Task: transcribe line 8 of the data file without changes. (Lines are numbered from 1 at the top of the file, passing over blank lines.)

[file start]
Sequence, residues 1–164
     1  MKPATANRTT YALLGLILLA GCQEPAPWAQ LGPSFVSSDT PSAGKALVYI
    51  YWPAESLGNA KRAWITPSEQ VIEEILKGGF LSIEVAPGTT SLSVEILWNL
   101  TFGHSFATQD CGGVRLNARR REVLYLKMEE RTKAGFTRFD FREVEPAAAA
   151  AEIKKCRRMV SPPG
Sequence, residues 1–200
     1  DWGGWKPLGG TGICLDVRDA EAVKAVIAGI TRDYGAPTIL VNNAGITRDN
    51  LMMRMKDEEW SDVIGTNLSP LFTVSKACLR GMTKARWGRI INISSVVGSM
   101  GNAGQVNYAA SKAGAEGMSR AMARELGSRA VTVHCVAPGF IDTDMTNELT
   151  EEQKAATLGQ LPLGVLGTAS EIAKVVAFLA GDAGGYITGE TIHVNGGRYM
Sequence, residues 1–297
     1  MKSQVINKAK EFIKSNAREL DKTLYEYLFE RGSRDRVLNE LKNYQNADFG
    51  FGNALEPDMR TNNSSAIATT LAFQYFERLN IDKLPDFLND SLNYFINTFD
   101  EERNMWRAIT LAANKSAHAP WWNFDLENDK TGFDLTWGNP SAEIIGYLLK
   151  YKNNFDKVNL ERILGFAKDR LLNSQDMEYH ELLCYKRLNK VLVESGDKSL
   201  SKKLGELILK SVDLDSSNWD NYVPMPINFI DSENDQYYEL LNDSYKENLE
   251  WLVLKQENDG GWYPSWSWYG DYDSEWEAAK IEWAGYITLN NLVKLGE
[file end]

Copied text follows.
    51  LMMRMKDEEW SDVIGTNLSP LFTVSKACLR GMTKARWGRI INISSVVGSM